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The CHECKSUM TABLE result sets of two similar tables only indicate if there are differences between the two tables. It does not tell you what exactly the differences are between the two. Does `tableA` have an updated value for one of its records that `tableB` does not have? Or does `tableA` have an extra row that `tableB` does not have? Depending on specific business requirements, the CHECKSUM TABLE statement may be sufficient. If you need to determine what the actual differences are, there is a way to go about doing this automatically and dynamically by creating a stored procedure.
This SELECT statement that uses a UNION ALL clause provides the same functionality in simply determining if there are differences between two tables:
SELECT IF( EXISTS( SELECT * FROM ( SELECT * FROM `tableA` UNION ALL SELECT * FROM `tableB`) AS `compareTables` GROUP BY `column1`, `column2`, `columnN` HAVING COUNT(*) = 1), TRUE, FALSE);
This statement provides an automated check in the sense that you won't have to manually compare the CHECKSUMs of `tableA` and `tableB`. Also, unlike using a CHECKSUM TABLE statement, a SELECT statement allows the result to be stored INTO a variable. If the statement returns TRUE then there is a difference found between the two tables, if not it will return FALSE. The GROUP BY clause will need a comma-separated list of all the columns of the tables since MySQL will not permit an asterisk (*) wildcard in this part of the statement.
To fully automate the above formula, it can be converted into a function and the writing of the column names for the GROUP BY clause can be retrieved using the getColumnList() user defined function. Then re-write the SELECT statement as a dynamic PREPARE-EXECUTE construct. The two tables `tableA` and `tableB` can be the parameters to be passed and the TRUE/FALSE values to be the RETURN.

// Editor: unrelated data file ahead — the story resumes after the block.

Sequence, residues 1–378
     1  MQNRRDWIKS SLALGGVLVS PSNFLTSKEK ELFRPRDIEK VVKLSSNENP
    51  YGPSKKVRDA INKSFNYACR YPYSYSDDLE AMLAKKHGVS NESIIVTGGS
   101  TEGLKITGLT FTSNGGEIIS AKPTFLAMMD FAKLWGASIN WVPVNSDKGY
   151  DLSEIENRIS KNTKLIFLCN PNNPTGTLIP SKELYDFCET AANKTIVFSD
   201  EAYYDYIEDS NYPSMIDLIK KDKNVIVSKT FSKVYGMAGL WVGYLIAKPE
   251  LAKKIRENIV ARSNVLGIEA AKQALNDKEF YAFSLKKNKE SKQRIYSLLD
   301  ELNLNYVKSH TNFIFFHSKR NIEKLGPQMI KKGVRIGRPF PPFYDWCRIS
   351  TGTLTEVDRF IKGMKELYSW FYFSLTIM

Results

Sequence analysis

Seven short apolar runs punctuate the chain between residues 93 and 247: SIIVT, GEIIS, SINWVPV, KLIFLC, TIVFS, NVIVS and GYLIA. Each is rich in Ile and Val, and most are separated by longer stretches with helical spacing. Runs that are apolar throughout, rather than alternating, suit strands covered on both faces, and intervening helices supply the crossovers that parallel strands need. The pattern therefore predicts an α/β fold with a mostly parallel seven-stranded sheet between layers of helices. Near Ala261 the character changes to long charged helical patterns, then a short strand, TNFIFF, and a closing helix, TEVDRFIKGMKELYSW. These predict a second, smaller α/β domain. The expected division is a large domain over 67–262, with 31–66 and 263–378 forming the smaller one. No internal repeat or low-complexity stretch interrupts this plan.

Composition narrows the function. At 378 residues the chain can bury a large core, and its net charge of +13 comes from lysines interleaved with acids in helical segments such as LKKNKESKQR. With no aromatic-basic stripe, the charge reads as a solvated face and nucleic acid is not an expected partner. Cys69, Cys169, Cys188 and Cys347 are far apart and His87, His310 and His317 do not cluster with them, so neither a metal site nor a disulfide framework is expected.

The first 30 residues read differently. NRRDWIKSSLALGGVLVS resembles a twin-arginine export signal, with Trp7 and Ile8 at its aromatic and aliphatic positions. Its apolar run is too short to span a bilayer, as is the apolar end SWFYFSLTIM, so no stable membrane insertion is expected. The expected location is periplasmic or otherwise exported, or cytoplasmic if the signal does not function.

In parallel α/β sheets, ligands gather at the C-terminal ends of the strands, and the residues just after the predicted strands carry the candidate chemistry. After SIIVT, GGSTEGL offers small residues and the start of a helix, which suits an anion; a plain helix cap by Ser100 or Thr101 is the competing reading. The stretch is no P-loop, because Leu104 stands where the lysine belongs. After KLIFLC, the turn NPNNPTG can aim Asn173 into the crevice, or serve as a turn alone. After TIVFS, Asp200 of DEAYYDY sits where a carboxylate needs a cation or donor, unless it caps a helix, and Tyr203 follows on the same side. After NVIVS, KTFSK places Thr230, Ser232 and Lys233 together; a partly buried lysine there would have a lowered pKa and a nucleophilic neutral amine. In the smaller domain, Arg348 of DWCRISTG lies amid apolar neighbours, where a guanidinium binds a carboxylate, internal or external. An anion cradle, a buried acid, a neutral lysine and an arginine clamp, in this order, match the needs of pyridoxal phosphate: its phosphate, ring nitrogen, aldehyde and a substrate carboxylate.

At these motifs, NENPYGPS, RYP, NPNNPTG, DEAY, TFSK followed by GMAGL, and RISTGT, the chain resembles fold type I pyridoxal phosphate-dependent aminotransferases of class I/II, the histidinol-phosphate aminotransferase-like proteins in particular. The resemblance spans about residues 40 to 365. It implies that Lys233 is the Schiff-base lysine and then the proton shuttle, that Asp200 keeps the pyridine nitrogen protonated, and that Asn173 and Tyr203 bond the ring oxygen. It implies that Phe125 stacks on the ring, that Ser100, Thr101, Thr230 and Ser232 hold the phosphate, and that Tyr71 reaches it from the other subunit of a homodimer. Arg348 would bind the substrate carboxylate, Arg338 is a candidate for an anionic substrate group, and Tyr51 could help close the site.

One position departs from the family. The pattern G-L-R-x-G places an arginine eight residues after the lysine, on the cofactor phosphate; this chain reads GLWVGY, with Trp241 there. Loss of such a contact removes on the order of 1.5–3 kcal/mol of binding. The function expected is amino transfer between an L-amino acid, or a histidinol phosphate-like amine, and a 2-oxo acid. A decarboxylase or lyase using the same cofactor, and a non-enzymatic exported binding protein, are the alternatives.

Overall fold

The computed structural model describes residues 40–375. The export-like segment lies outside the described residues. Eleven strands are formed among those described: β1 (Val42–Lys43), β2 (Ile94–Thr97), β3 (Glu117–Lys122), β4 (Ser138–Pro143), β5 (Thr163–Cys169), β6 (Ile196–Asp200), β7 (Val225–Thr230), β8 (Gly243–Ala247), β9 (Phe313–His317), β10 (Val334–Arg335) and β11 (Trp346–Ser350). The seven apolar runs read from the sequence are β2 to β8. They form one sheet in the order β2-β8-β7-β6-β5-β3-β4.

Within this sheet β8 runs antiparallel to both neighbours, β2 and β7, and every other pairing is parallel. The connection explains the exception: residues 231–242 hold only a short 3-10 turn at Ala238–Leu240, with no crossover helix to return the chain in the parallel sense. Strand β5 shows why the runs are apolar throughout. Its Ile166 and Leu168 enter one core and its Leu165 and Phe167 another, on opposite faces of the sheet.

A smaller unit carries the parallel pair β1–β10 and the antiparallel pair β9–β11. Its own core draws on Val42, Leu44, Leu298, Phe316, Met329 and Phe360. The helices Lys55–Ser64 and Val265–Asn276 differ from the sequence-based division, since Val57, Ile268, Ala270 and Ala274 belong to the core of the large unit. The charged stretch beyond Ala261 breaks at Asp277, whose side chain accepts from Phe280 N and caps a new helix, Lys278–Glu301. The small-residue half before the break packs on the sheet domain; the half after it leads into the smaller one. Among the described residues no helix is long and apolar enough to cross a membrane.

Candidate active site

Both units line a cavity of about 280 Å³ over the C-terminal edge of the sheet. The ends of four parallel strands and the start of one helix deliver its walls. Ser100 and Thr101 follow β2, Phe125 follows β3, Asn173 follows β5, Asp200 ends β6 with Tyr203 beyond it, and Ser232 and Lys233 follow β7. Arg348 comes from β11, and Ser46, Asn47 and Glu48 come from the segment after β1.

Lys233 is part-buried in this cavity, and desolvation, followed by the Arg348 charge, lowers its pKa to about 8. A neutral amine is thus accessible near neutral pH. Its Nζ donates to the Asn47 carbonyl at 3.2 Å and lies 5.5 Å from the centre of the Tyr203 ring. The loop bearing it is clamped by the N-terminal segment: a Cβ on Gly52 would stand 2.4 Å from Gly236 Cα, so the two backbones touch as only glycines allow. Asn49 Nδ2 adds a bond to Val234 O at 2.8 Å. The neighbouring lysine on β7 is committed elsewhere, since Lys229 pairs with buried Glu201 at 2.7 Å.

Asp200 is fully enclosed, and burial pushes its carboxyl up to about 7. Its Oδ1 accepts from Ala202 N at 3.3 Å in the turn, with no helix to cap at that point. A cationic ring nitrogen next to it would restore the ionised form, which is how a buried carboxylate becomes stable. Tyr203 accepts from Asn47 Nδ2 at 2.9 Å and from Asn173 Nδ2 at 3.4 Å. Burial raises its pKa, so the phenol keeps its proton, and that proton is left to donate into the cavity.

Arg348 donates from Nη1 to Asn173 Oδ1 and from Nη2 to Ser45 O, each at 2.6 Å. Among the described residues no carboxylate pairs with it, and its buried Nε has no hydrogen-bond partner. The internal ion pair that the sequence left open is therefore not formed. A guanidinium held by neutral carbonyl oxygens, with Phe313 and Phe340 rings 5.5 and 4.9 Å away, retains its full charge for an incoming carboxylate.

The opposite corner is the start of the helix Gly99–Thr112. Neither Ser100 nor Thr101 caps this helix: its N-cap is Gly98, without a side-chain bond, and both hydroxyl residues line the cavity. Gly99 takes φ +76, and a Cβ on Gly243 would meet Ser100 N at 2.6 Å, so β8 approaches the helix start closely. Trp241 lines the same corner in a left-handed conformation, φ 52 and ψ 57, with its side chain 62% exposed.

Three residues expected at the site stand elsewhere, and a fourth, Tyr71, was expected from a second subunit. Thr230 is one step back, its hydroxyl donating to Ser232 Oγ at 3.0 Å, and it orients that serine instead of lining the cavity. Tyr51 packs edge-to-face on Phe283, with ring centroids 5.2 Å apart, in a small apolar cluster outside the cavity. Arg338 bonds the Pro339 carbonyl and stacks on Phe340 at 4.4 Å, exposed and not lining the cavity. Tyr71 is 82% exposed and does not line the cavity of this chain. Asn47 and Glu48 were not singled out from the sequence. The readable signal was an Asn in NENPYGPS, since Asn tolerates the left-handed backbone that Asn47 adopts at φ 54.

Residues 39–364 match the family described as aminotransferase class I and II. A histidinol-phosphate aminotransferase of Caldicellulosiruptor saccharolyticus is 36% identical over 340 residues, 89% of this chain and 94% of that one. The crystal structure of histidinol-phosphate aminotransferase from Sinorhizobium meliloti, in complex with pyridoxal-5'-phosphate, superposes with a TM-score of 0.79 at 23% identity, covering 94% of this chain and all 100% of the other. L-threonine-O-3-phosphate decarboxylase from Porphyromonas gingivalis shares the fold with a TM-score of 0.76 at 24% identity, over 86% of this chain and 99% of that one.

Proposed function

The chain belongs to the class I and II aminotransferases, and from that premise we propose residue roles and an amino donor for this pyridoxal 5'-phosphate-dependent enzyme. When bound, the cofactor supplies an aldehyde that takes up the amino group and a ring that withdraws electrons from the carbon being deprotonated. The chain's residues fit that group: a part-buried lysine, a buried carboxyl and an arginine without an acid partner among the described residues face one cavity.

To determine what the actual differences are, a more complex SELECT statement is needed. Based on the first iteration, we can derive from it and make it more useful:
SELECT MIN(`compareTables`) AS 'Tables Compared', `column1`, `column2`, `columnN` FROM ( SELECT '`tableA`' AS `compareTables`, `column1`, `column2`, `columnN` FROM `tableA` UNION ALL SELECT '`tableB`' AS `compareTables`, `column1`, `column2`, `columnN` FROM `tableB`) AS `compareTables` GROUP BY `column1`, `column2`, `columnN` HAVING COUNT(*) = 1;
A sample result set will look like this:
The first two rows compared `tableA` and `tableB`. Note that the difference between the two tables was found in the values for the `contactLastName` column. The last row shows `tableA` with no matching comparison with `tableB`. This means that the record in `tableA` does not exist in `tableB`.
In the continuation of this entry, a stored procedure that automates the writing of the SELECT statement is given. The names of the tables to be compared and their column names can be dynamically generated so that the SELECT statement won't have to be re-written for each different case that a comparison of two similar tables is made.